What Is Kung Po Chicken?

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  • Written By: Glyn Sinclair
  • Edited By: Rachel Catherine Allen
  • Last Modified Date: 17 September 2019
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Kung Po chicken, also known as Kung Pao or Gong Bao chicken, is a traditional Sichuan dish. Originating from the Sichuan province in China and spreading west, there are now multiple versions of this dish. Typically rather spicy, the main ingredients found in Kung Po chicken are chili peppers, peanuts and, of course, chicken. Although the history of this dish is unknown, it is believed that it may have been discovered by a Chinese crown prince who came across the recipe during his extensive travels and carried it back to the Imperial Court.

Sichuan province is typically a warm and humid region, and Sichaun cuisine tends to mirror this climate in that it is usually hot and spicy in flavor. Due to the inclusion of chili peppers, Kung Po chicken fits into this category as well. Some say that the food also serves to cool the body through the process of sweating.

To prepare and cook Kung Po chicken the meat is diced into cubes and marinated in soy sauce, rice wine, and water for up to 30 minutes. Chili peppers are then chopped up and added to the mix. Oil is heated in a wok, or pan, and the chicken is deep-fried for a few minutes. The chicken is removed and towel dried to absorb any excess oil. Garlic and peanuts are added to the wok and stirred, then mixed in with the chicken.


Although Kung Po chicken is popular across the globe, there is one aspect of the dish that is missing from the Western plate. The Sichuan peppercorn is unique in flavor and taste but is usually not found on the Western menu. This is due to the fact that for many years it was illegal to bring the peppercorns into the United States because they were said to carry the citrus canker virus and could potentially destroy the local citrus crops. The ban lasted for almost 40 years and as a result the distinct flavor of the Sichuan peppercorn is almost absent from American Kung Po dishes.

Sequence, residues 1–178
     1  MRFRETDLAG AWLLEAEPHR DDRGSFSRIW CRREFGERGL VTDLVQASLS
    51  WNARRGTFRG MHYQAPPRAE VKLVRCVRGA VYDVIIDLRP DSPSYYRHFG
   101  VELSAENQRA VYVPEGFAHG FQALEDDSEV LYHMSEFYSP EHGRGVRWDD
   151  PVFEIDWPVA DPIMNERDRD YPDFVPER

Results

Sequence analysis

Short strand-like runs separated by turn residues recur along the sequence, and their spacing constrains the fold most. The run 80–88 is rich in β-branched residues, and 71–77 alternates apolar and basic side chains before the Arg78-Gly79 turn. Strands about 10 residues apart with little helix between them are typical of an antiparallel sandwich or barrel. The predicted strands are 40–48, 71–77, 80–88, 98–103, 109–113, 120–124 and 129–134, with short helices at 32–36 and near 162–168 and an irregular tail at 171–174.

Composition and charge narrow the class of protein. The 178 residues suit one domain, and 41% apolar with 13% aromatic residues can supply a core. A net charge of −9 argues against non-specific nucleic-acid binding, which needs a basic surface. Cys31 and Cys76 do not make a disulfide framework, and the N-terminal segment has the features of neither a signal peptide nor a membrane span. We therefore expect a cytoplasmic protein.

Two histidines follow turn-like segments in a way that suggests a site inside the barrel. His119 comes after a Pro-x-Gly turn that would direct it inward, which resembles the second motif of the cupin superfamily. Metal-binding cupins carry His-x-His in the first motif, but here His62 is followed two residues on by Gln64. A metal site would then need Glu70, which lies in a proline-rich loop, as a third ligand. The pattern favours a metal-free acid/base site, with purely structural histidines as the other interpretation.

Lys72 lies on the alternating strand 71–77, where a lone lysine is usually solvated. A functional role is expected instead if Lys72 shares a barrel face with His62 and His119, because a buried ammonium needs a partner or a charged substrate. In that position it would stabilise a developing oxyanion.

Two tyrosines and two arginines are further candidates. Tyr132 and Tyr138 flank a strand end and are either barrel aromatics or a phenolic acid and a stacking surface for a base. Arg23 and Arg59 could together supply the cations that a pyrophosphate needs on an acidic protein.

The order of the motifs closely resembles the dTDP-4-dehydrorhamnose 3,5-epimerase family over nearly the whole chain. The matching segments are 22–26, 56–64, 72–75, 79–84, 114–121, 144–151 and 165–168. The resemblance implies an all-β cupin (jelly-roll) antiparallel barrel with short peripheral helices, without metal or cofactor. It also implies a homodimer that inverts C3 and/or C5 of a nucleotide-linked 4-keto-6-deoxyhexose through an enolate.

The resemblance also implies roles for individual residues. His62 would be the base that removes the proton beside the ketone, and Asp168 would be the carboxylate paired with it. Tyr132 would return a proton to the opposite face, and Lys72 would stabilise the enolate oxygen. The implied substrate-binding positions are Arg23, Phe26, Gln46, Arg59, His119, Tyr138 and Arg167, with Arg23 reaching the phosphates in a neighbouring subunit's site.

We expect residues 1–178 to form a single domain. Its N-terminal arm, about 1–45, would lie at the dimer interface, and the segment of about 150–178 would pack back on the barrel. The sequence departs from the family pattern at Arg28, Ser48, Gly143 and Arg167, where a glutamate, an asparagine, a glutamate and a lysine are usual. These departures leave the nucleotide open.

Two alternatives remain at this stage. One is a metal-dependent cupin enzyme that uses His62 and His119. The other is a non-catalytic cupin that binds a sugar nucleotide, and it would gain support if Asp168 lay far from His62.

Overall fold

There have been claims that eating Kung Po chicken has certain health-related benefits. The dish is filled with vitamins and is low in fat, prompting some people to go so far as to claim reductions in blood pressure and incidents of heart disease. It is rather high in sodium, however, but this can be remedied by using a low-sodium soy sauce when cooking the meal.


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Post 3

Anyone that had not tried kung pao chicken with the real Szechuan peppercorns owes it to themselves to give it a try. It is like a little bit of heaven mixed with a little bit of hell. the flavor is spicy but dynamic and it elevates the dish to a whole new level.

Post 2

@ZsaZsa56 - I know what you mean. I've eaten a lot of bad kung pao chicken myself. But I would suggest to you that you should try making it yourself.

My biggest problem with a lot of Chinese take out places is that they use very low quality meat. The vegetables and sauces are not the highest quality either but I think the cheapness really comes out in the meat. This has rendered at least a few of my Chinese dinners inedible.

But Chinese cooking is easier than you would expect and you can buy pre-made kung pao sauce at the grocery store in the ethnic foods aisle. If you combine the sauce with some high quality chicken and vegetables you will have an easy and delicious meal that might rival the kung pao chicken you had that first time.

Post 1

The first time I ever tried kung pao chicken it was incredible. It was from a little Chinese take out place in Long Island. But I was just visiting the area and when I went home to Massachusetts I could never find a restaurant that made kung pao chicken as tasty as that first place I'd had it.

Seriously, I must have ordered kung pao chicken at 25 different places and it always ranged from disappointing to disgusting. There was some kind of magic in that first place I tried it. Finally I gave up and went back to my standard fare which has always been sweet and sour shrimp. Chinese take out is so hit or miss and sometimes the good ones are two states away.

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